Unfortunately, such practice is not confined to the past.

The DeSTRESS project[3] has shone a light on the relationship between poverty, mental health and prescribing.  The ‘hostile environment’ promoted by austerity and welfare reform has sharpened the powerlessness of many, creating a state in which many people are ‘done to’ by the system. It risks victimisation and stigma for individuals and families, while perpetuating poverty and inequalities in communities.

It has also forced many doctors to resort to the prescribing pad for patients with mental health issues resulting in a boom in anti-depressant use.  Not all hardship among people requires a mental health diagnosis or a prescription and – it has been argued – doctors risk “surrendering their common sense” with such practice[4]. GPs were also cautioned to avoid a mindset which said ‘we think we know what our patients know’. Simply put, more effort is needed to understand the reality of people’s lives.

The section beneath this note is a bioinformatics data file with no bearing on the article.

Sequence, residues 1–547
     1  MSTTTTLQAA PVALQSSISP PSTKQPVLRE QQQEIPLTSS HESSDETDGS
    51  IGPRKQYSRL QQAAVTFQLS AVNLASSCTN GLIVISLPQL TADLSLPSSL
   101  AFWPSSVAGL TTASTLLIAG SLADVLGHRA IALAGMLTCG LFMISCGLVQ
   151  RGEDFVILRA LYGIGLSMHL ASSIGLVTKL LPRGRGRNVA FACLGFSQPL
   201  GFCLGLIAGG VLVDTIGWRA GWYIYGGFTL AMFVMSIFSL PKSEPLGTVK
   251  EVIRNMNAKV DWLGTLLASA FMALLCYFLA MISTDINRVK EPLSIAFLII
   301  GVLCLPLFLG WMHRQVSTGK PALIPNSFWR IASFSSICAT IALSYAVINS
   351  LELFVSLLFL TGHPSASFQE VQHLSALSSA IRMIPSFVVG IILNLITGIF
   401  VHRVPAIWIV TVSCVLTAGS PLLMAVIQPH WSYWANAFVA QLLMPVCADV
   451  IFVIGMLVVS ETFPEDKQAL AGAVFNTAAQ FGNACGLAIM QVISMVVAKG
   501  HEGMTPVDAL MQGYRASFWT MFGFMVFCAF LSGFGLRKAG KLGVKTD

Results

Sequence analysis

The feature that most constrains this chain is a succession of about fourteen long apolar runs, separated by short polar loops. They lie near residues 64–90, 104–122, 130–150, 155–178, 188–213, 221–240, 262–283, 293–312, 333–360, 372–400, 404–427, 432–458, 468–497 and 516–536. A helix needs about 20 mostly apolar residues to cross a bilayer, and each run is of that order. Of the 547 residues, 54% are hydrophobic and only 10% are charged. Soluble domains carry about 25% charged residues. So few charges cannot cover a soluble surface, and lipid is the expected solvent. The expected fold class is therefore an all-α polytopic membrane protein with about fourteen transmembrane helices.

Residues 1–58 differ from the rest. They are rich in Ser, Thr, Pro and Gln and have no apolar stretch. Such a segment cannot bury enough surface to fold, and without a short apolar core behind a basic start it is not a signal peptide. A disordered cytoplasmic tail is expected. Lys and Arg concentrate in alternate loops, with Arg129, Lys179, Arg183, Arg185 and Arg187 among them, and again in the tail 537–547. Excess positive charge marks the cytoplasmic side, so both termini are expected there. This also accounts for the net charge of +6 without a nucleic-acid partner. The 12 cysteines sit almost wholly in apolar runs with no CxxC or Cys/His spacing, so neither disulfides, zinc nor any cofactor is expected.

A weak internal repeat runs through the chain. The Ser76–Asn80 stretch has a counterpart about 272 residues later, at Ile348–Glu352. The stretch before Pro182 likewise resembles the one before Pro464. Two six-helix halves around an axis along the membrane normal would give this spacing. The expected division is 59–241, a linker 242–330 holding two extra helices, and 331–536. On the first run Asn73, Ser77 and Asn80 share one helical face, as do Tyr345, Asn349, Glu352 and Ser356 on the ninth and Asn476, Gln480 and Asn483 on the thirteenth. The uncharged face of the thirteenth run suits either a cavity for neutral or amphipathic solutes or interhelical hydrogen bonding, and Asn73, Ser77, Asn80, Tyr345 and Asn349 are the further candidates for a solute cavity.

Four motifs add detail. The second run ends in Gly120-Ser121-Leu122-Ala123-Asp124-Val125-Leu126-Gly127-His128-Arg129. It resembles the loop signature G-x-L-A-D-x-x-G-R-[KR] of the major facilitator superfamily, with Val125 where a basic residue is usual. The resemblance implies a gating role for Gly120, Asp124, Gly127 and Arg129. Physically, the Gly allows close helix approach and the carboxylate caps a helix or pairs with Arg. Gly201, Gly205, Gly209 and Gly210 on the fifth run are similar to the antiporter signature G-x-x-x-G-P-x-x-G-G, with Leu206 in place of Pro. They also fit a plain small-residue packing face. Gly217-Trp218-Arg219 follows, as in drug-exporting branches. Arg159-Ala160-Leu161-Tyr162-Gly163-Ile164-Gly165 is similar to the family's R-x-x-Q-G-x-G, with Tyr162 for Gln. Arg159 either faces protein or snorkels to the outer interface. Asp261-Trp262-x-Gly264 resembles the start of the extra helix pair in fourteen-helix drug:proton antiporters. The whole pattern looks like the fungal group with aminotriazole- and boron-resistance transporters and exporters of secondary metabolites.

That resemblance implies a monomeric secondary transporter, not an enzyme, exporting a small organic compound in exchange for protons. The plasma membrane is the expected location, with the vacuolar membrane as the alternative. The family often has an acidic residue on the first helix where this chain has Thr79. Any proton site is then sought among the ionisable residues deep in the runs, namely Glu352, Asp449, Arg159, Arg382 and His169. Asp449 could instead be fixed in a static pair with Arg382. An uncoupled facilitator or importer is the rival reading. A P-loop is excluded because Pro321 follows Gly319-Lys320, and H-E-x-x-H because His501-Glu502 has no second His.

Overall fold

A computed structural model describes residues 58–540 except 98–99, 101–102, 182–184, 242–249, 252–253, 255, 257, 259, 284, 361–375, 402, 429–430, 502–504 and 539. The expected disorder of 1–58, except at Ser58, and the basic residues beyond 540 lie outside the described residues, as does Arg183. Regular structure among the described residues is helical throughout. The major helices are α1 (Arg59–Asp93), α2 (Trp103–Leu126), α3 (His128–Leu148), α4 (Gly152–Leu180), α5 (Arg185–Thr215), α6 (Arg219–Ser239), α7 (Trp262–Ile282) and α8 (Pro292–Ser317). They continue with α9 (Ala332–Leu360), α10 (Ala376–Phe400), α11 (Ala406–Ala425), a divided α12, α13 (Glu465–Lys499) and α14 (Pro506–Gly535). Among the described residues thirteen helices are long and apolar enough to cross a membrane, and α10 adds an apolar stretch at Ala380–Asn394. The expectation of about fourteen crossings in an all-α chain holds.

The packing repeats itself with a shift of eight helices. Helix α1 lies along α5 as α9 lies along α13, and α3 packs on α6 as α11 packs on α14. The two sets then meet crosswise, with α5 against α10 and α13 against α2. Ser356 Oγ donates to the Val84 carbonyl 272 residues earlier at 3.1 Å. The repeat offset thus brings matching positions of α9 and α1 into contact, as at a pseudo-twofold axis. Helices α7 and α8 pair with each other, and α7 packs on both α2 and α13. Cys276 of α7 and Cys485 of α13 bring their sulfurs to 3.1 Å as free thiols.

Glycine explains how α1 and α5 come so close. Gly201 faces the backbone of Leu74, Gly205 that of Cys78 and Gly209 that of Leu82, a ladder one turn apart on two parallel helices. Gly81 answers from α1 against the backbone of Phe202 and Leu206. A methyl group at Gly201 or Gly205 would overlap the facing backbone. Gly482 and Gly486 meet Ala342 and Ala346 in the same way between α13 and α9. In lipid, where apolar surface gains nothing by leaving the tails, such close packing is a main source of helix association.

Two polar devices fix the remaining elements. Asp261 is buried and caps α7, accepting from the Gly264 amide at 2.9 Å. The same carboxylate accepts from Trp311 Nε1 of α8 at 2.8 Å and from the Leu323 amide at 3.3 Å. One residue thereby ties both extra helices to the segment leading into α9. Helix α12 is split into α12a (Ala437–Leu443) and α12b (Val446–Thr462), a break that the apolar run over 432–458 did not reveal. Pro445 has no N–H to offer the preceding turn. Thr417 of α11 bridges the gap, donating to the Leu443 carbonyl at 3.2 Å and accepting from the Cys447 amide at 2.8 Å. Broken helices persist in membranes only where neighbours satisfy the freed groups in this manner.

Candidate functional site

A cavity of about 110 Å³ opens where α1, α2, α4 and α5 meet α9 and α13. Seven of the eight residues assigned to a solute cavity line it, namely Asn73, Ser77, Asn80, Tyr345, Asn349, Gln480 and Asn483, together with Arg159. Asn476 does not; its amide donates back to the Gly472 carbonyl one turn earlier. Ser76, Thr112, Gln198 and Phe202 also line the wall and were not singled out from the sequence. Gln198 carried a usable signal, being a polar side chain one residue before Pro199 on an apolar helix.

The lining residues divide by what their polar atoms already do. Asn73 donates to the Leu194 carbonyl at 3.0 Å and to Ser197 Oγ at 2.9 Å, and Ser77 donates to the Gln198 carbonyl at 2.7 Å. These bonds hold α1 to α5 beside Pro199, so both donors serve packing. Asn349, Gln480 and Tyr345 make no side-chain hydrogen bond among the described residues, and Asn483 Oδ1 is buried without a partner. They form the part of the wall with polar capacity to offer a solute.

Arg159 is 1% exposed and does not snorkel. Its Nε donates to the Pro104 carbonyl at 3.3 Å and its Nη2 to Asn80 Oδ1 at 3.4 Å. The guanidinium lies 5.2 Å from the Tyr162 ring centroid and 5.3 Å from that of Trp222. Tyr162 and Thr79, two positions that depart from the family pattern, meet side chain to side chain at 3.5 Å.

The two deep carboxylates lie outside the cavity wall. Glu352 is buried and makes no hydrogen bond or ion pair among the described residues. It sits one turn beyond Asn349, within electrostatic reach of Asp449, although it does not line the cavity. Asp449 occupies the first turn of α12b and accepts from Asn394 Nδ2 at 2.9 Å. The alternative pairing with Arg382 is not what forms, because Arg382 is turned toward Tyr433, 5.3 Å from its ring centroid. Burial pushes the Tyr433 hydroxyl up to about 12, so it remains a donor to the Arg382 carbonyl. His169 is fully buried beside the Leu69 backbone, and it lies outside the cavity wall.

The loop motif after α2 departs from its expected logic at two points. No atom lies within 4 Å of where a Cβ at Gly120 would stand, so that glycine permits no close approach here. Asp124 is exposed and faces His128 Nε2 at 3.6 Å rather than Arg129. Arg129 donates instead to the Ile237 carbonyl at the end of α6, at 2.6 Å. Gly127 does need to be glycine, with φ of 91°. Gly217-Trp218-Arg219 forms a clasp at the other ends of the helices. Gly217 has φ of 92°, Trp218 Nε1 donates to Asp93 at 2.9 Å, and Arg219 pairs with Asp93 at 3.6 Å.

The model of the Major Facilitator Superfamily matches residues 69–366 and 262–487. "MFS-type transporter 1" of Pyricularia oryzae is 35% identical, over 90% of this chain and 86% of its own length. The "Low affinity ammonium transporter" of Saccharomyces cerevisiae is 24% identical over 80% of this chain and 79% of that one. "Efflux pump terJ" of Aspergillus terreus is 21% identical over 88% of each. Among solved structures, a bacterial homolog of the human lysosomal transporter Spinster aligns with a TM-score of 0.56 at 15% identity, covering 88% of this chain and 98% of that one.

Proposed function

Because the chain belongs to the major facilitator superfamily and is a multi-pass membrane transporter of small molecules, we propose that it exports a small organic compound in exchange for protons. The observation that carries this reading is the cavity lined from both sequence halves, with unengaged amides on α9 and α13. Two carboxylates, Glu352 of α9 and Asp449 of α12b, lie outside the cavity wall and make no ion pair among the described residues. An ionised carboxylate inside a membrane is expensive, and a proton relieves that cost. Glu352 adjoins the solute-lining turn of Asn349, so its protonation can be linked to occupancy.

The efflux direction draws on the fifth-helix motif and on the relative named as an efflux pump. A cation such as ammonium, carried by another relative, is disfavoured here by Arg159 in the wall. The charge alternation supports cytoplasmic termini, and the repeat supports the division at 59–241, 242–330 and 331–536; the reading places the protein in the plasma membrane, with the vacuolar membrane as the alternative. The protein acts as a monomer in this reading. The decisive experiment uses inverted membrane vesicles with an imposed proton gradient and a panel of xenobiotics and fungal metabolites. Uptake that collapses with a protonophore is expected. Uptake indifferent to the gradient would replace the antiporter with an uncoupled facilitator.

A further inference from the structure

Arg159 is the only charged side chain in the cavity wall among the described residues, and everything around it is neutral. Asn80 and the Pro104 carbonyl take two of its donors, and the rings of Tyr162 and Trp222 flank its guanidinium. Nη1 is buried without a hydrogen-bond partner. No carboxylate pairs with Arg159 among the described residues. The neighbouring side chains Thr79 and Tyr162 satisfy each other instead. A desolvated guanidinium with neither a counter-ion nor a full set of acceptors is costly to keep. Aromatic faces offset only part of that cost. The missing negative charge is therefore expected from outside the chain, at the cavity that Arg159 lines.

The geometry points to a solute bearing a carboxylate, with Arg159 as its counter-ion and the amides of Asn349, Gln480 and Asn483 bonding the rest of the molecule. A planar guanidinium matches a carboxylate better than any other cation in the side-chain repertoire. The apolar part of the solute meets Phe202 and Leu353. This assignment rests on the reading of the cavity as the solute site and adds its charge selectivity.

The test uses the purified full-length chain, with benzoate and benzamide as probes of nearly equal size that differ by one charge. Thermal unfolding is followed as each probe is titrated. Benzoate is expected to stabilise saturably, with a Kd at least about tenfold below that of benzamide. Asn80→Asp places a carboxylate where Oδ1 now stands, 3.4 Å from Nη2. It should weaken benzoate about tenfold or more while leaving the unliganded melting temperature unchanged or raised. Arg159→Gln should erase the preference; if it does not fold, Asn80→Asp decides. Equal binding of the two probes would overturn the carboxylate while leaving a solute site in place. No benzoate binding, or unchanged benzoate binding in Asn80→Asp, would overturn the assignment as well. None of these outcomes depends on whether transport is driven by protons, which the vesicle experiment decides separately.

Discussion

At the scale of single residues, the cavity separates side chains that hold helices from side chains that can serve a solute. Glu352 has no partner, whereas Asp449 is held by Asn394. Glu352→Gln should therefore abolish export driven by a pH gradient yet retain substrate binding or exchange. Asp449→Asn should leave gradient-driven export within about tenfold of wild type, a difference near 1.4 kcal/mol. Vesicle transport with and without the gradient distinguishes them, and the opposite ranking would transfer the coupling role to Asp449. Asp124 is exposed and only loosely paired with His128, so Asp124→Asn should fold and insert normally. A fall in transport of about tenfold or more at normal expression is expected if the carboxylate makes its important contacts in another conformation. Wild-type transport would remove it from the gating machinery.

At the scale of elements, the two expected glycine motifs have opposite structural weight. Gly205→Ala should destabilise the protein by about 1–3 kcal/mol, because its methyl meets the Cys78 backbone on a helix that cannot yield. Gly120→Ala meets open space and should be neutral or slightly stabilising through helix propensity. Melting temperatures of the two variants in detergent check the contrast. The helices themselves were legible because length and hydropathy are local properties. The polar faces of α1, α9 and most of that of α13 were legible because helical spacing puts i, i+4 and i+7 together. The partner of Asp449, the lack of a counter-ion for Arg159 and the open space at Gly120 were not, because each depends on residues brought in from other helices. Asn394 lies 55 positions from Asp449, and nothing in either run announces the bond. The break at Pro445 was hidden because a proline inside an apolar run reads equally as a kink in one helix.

There are other routes to better mental health beside pills – including social prescribing – which requires the engagement of patients, articulating their ‘lived experience’, and the willingness of health professionals to look and listen to what people are telling them in the patient consultation. GPs need to understand that it is not necessary to ‘fix’ every patient by themselves.  They need to work together in partnership with their patients to find a way that will best support them – their patients – in their lives.